Try to find ways to force your lazy brain to continuously analyze everything and everyone you interact with, especially the image your brain makes about yourself. Everything around us changes, the experience we build makes us constantly change, so why would the image our brain has on the world stay the same?

Wednesday, June 25, 2014

Google IO2014 - We live in a world of apps

Google IO2014 just started about an hour and a half ago with the Keynote introduction.

They set up a nice page to watch live stream. So far I am not impressed about what Google plans to release. The only interesting thing I saw was the L platform, which I expect to materialize in a new Android release. The L platform will add a big UI improvement especially when it comes to graphics and animations and some interesting improvements in performance. Seems that in the Google is ready to switch to ART runtime so we should expect in the next Android release that ART runtime will be enabled by default. The performance graphs shown during Keynote presentation promise a big improvement compared to Dalvik runtime.

Another topic presented was about wearable smart watches. This didn't impressed me much. I have mixed feelings about smart watches. What they shown in presentation looks nice and cool but I can't image how a battery on such a small can last more then a few hours. Based on the feedback from colleagues who tried smart watches I'm not gonna rush to buy one yet.

Google also worked on an SDK for integrating your Android smartphone with your car computer. They shown a few features, like voice searching, turn by turn direction, message sending but nothing that impressed me.

Android TV was another topic that was presented during Keynote. Google apparently struck some deals with a few producers of smart TV's to produce the next generation of their TV's with Android on them. I'm curious if these deals will actually materialize or the major hardware producers will decide to implement their own solutions. So far Samsung has done this with their smart TV application and in my opinion this has not been a good experience for the users. I own such a smart TV and the "smart" part of lacks a lot of features and functionality.

Google Chromecast sounds promising but we'll see if it will catch momentum or it will be just another soon to be forgot tentative by Google to tap into the huge world of television. I have to admit that the price of 35$ is tempting enough to give it a try on my old Samsung Smart TV. Maybe with this little stick, I can actually use the smart part of my TV :)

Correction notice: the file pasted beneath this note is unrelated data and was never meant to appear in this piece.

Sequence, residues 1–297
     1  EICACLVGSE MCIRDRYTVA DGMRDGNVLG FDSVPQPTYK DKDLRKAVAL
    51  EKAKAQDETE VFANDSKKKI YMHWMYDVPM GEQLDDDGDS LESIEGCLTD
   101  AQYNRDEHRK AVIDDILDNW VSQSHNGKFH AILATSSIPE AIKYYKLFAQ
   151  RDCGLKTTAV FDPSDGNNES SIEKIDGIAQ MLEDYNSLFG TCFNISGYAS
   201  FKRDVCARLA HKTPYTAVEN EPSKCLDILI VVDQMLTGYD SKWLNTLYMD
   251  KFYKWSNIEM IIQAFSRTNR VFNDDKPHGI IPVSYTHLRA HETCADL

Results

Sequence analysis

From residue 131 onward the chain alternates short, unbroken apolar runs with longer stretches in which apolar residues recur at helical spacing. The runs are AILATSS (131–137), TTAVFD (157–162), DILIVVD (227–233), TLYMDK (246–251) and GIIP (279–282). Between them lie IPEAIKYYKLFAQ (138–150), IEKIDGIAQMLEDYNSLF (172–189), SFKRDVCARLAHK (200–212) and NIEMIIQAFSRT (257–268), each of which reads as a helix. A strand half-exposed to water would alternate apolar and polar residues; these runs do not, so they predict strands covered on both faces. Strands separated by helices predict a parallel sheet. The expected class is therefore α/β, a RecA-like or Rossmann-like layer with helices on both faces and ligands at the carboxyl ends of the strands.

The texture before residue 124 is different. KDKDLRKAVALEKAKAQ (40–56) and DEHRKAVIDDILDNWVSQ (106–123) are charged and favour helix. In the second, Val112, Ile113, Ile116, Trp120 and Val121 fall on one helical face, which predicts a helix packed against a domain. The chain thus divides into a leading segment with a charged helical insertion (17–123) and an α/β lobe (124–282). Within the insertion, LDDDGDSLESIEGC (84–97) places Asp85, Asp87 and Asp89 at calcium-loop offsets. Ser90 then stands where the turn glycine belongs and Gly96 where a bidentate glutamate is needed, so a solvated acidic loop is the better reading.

Google Chromebook was another topic presented during the Keynote. I never really saw the benefit of owning a Google centered laptop with limited functionality. The features presented didn't impressed me enough to consider it as a possible acquisition for the future. I'm still going to stuck to my old and trusty laptop because it's allows me to run a much wider range of applications. Especially when it comes to development of applications, I don't see how a Chromebook could ever replace the laptop.

If I were to summarize in two words this year Google IO, those would be "Apps everywhere". On your smartphone, car, TV and laptop, Google wants to run their apps from Google Play. For every platforms they provide SDK trough which a developer has access to API's so it can create his own apps. Maybe it's just me, but apart from a few apps that I use on a regular basis on my smartphone, I haven't installed new ones in a long time.

We'll see if what future awaits...

Friday, June 20, 2014

My first project in Android

I found that there are several stages in the life cycle of a new personal project I set on.

  1. Initial rush - In this part everything is new and exciting. The world is full of endless possibilities an it seems like I can do everything. This is the part where I think that I can realize great projects and achieve greatness.
  2. Cooling part - This is the part where I realize that things are not so black and white as I initially thought. Usually the volume of information becomes overwhelming, I struggle with understanding some hard to grasp concepts and start to become demotivated. The initial goal of achieving greatness seems to distant itself more and more as the days pass. This is a critical part in the life cycle of a new project. If I find the motivation to pass over it, it will keep me going and I end up most of the time achieving what I initially proposed.
  3. Mastering - If I got to this part it means I have the necessary documentation materials gathered and organized and most likely something practical that drives my motivation to continue 

I haven't yet finish going trough all the materials I gathered about Android Development but I decided to work on my motivation to achieve the "Cooling part" I was mentioning above. The way I chose this was by implementing a rather silly idea I got a few weeks ago of making an app that will provide a collection of anthems from the various nations.